Folks like Shirley Raines, creator of Beauty 2 The Streetz. Every Saturday, Raines and her team help those experiencing homelessness on Skid Row in Los Angeles “feel human” with free makeovers, haircuts, food, gift bags and (thanks to Bombas) fresh socks. 500 pairs, every week.

beauty 2 the streetz, skid row laRaines is out there helping people feel their beautiful best

Or Director of Step Forward David Pinson in Cincinnati, Ohio, who offers Bombas donations to those trying to recover from addiction. Launched in 2009, the Step Forward program encourages participation in community walking/running events in order to build confidence and discipline—two major keys to successful rehabilitation. For each marathon, runners are outfitted with special shirts, shoes—and yes, socks—to help make their goals more achievable.

step forward, helping homelessness, homeless non profitsRunning helps instill a sense of confidence and discipline—two key components of successful recovery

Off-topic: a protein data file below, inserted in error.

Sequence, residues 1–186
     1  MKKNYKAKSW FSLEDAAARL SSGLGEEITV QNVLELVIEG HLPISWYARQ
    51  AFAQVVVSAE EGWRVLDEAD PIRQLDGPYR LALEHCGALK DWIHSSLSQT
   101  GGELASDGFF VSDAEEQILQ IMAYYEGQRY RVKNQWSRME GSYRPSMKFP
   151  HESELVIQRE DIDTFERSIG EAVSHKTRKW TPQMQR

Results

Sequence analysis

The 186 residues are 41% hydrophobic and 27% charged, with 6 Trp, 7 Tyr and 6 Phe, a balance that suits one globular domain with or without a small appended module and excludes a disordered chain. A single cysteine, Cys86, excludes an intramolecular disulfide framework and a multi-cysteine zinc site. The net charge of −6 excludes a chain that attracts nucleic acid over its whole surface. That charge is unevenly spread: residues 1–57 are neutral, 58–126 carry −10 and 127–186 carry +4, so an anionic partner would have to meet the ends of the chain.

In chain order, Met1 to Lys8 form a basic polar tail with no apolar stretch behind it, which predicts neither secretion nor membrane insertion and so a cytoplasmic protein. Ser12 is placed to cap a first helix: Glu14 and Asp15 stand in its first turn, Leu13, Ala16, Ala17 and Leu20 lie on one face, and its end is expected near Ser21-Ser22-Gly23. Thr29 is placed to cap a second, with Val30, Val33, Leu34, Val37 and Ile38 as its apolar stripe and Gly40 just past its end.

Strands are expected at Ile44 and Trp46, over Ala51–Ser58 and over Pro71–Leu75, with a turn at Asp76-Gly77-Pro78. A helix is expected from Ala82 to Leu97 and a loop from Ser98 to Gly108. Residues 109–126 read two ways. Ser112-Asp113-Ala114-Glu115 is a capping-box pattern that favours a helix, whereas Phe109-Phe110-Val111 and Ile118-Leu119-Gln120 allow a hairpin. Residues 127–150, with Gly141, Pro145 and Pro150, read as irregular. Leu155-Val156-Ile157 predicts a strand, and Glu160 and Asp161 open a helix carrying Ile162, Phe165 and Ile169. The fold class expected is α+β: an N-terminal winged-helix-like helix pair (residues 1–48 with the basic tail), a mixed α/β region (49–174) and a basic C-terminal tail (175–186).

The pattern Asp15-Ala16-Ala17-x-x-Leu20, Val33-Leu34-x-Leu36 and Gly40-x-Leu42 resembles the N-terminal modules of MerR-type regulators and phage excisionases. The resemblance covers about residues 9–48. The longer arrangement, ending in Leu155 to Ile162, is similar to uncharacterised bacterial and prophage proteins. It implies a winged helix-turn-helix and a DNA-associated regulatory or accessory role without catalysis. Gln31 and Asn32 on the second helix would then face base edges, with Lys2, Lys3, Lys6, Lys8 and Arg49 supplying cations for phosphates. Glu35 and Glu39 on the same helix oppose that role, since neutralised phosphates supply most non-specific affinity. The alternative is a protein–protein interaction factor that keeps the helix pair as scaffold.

Help even reaches the Front Street Clinic of Juneau, Alaska, where Casey Ploof, APRN, and David Norris, RN give out free healthcare to those experiencing homelessness. Because it rains nearly 200 days a year there, it can be very common for people to get trench foot—a very serious condition that, when left untreated, can require amputation. Casey and Dave can help treat trench foot, but without fresh, clean socks, the condition returns. Luckily, their supply is abundant thanks to Bombas. As Casey shared, “people will walk across town and then walk from the valley just to come here to get more socks.”

step forward clinic, step forward alaska, homelessness alaskaWelcome to wild, beautiful and wet Alaska!

The Bombas Impact Report provides details on Bombas’s mission and is full of similar inspiring stories that show how the biggest acts of kindness can come from even the smallest packages. Since its inception in 2013, the company has built a network of over 3,500 Giving Partners in all 50 states, including shelters, nonprofits and community organizations dedicated to supporting our neighbors who are experiencing- or at risk- of homelessness.

Their success has proven that, yes, a simple pair of socks can be a helping hand, an important conversation starter and a link to humanity.

You can also be a part of the solution. Learn more and find the complete Bombas Impact Report by clicking here.

via UNSW

This article originally appeared on 07.10.21